Research Seminars: Creative and Critical Practice Research Group (CCPRG)
Research Seminar 1: 1pm, Weds, 13 Oct 2021. ‘Crritic!’ The contemporary role of the literary critic and creative writer
'Crrritic!' The contemporary role of the literary critic and creative writer
Wednesday 13 October 2021 at 1pm
- Introduction by Alan Bilton, co-convenor of CCPRG.
- Richard Robinson, co-convenor of CCPRG on the era of the suspicious ‘crritic’ and the limits of critique.
- Francesca Rhydderch on how authors relate to literary criticism.
- Sarah Tanburn, PhD student.
- Audience discussion on questions.
Alan introduces the first meeting of the CCPRG. We will discuss the relationship between creativity and literary criticism which has inspired the founding of this centre. To what extent does one inhibit or inspire the other? Is the relationship productive or adversarial? How useful is critical practice to an author or creative practice to a critic?
Vladimir and Estragon play at trading abuse at each other in Samuel Beckett’s Waiting for Godot: ceremonious ape, punctilious pig, moron, vermin, sewer-rat. But the final, triumphant insult is ‘crritic’. Richard will start by discussing challenges, such as by Rita Felski, to the interpretative model of critique which held sway for so long. This is often referred to as a ‘hermeneutics of suspicion’ (Paul Ricoeur), and was influenced by an emphasis on the unconscious of the text. Such demystificatory readings attended to what the text does not say, to its gaps, fissures, occlusions and significant silences: in short, its symptoms. Suspicious critique asked less ‘what does this text really mean?’ but rather ‘how did this text come about?’ It sought to disunite – or even ‘deconstruct’ – the aesthetic unity a text may purport to have. But we ask whether there is a way to conduct a more reparative form of reading, in Eve Kosovsky Sedgwick’s term. Can we conceive of an unsuspicious critical practice which is not once again taken in by the text?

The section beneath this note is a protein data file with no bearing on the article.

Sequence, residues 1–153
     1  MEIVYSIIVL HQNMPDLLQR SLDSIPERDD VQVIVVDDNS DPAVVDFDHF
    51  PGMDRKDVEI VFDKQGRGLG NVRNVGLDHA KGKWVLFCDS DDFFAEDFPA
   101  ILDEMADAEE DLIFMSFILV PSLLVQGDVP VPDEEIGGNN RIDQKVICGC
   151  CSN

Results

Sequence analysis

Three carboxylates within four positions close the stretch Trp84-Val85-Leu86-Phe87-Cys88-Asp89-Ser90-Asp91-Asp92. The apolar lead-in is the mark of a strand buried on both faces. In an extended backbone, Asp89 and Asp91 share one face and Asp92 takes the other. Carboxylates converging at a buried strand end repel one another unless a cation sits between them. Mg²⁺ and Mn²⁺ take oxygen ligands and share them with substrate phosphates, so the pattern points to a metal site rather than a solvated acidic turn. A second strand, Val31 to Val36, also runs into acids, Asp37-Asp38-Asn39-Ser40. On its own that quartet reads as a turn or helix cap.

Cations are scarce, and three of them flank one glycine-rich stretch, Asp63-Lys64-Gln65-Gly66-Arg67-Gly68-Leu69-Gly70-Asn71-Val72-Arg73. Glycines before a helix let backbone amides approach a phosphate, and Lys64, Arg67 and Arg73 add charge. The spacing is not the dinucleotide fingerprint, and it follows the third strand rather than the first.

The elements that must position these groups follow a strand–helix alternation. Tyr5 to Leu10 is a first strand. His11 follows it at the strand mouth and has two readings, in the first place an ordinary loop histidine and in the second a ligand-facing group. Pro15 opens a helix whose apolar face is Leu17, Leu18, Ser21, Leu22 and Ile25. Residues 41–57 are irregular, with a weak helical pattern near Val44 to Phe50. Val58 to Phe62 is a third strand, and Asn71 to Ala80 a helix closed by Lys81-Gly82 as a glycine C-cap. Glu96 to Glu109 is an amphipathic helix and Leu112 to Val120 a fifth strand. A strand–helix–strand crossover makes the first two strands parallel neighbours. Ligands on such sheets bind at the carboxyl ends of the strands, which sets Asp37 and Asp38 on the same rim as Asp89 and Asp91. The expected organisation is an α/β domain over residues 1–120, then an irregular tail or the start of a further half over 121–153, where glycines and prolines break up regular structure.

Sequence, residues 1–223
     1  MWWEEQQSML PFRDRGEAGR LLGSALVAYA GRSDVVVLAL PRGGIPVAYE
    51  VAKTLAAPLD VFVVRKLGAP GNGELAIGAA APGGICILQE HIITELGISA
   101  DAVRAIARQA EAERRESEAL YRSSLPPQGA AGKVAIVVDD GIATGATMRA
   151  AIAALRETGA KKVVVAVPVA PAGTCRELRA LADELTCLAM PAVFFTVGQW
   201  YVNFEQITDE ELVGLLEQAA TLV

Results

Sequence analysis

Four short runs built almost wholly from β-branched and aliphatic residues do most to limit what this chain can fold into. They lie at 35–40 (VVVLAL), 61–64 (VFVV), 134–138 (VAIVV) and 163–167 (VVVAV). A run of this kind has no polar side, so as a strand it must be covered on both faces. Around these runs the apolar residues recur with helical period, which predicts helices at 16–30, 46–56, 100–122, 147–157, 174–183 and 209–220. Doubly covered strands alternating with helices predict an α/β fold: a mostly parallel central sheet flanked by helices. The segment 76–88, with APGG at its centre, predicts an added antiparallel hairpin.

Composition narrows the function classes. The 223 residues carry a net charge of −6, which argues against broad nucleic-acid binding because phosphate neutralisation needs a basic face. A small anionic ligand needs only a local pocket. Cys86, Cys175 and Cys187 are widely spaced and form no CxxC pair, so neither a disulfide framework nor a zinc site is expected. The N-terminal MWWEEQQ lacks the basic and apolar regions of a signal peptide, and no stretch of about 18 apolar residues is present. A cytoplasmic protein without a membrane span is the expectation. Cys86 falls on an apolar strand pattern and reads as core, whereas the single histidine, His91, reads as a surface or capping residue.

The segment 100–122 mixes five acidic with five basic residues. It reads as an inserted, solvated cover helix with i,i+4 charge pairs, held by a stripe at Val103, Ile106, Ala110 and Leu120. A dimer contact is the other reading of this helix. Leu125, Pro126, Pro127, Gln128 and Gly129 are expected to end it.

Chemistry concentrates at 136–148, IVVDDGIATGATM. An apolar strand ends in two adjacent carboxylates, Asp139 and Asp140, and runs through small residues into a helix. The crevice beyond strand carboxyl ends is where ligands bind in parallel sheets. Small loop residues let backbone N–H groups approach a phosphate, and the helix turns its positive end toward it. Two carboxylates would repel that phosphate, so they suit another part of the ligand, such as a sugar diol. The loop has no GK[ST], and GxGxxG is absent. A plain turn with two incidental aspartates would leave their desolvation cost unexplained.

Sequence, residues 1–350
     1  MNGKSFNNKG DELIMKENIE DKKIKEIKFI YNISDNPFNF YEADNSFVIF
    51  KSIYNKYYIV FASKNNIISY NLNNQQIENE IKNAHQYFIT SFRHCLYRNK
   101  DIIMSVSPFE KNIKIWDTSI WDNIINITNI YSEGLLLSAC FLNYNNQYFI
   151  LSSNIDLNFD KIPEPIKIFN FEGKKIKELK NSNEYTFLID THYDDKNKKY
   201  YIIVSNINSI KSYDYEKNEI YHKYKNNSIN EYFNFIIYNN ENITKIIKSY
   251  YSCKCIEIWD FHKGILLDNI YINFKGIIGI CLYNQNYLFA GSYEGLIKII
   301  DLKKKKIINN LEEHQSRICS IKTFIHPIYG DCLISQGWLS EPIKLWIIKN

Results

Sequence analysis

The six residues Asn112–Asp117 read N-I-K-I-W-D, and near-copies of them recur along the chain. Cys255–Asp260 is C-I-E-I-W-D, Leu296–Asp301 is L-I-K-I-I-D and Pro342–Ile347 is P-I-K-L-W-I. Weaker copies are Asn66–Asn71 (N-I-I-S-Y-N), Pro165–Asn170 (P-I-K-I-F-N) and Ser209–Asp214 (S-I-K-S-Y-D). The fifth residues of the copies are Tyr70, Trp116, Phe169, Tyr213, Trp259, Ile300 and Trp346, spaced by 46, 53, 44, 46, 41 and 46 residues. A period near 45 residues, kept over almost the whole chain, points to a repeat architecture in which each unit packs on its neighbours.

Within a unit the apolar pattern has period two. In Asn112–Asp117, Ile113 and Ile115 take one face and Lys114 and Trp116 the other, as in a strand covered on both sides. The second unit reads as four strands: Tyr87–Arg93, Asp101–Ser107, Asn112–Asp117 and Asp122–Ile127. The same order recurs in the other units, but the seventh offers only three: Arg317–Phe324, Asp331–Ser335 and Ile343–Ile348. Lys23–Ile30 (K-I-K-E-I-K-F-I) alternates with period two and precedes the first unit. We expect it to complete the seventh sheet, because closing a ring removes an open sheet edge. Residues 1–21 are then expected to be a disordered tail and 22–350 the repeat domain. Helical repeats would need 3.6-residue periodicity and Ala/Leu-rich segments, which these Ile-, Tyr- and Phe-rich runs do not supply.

The roundtable discussion will prompt further questions which can be thrown open to the audience:
- Creativity and literary criticism: does one inhibit or inspire the other? Is the relationship productive or adversarial? To what extent is it helpful or prohibitive to be aware of critical theory? Are there examples of successful writer-critics?
- Are you a suspicious reader? What are the pros and cons of diagnosing the ideological symptoms of texts, or of not being suspicious enough?
- When have you felt suspicion to be an intellectually enhancing quality and when does it inhibit your critical and affective response to literature and language?
- How do we avoid dull critical writing, and how do we imagine our reader? How useful is critical practice to an author?
Crisis: Climate Crisis and Science Fiction
Wednesday 10 November 2021 at 1pm
Dr Chris Pak asks what creative and critical opportunities literature offers for thinking about climate change, and whether the imagining of fictional worlds and climate-riven futures helps us explore potentially sustainable scenarios.
Owen Bridge discusses how science fiction explores representations of artificial intelligence and consciousness, as well as considering perceptions of environmental impact in the digital age.